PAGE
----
When Johnson was selected with the 11th pick in the 2019 draft, the Suns were a very different-looking team. They had yet to bring in Chris Paul, operating with Ricky Rubio as their starting point guard. Once they brought in Paul, they went from a young team with potential to one that was immediately capable of making deep playoff runs. Along with Paul, they also added veteran forward Jae Crowder, a three-and-D specialist who is battle-tested in the playoffs.
With Crowder in the fold, Johnson has yet to receive a significant increase in playing time. However, when Crowder was out for a six-game stretch from December 27 to January 6, Johnson averaged 32 minutes per game. He used his added playing time to produce 17.8 points, 5.5 rebounds, 1.2 steals and 3.7 three-pointers, while shooting 55.1 percent from the field, during that stretch.
As bright as the future looks for Johnson, it’s likely going to take Crowder leaving the team for him to move into a significant role. The problem is, Crowder is still under contract for one more season. Johnson is someone to currently covet more in dynasty leagues rather than redraft formats.
Brandon Clarke, Memphis Grizzlies
Since the Grizzlies have such a deep team, it’s no surprise that Melton isn’t the only one who makes this list. Clarke has had excellent per-36 minute numbers during his tenure in the league, including last season when he averaged 15.5 points, 8.3 rebounds, 1.5 steals and 1.3 blocks. However, playing time has been an issue, and it’s become worse with him averaging just 18 minutes per game this season.
Clarke has started to play more lately, averaging 23 minutes over the last 10 games. While that’s still not a ton of run, he’s gone for 14.1 points, 7.2 rebounds and 1.5 blocks during that stretch. However, Steven Adams missed four of those contests, and Memphis had other key players in and out of the lineup.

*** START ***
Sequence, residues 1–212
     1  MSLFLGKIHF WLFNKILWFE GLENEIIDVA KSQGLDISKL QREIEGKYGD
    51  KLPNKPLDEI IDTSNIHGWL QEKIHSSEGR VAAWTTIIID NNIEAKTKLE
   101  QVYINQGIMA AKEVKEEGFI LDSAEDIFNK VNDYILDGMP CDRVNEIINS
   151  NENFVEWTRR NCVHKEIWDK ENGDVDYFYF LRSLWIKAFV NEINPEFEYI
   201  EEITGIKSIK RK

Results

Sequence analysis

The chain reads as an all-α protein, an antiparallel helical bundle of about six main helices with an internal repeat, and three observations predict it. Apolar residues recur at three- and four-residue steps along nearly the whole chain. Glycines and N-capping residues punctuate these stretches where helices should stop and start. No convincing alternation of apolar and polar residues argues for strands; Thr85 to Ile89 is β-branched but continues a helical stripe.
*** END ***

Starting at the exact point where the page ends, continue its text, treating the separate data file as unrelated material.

Adams still has another year left on his contract, and he might not be easy to trade given that the one year is for just under $18 million. Assuming the Grizzlies hold on to him, Clarke’s upside will likely remain capped despite the flashes he’s shown through two-and-a-half NBA seasons.
Honorable mentions: P.J. Washington, Danilo Gallinari
Omer Yurtseven, Miami Heat
This one might be the easiest case yet for a player to get more minutes. Yurtseven barely saw the floor early in the season but was thrust into a starting role when both Bam Adebayo and Dewayne Dedmon went down with injuries. What happened next could certainly be categorized as a pleasant surprise.
Yurtseven didn’t just help keep the Heat stay afloat during his tenure in the starting five. In fact, they went 7-3 with him in that role. He averaged 31 minutes a game during that stretch, producing robust averages of 13.6 points, 13.9 rebounds and 3.0 assists while shooting 54.5 percent from the field. The only real downside was that he averaged only 0.5 blocks, but anyone who snagged him off the waiver wire was thrilled by his production. During his run as a starter, Yurtseven ranked as a top-75 player in 8-cat leagues.
Adebayo and Dedmon are both healthy now, which resulted in Yurtseven not even seeing the floor in Monday’s win over the Raptors. Given that he is only 23 years old, and that he played so well with Adebayo out, don’t expect the Heat to be in any rush to trade Yurtseven. He’s a nice asset to have in their back pocket, though fantasy managers can dream of the numbers he could put up for a team like Oklahoma City.
Honorable mentions: Alperen Sengun, Daniel Gafford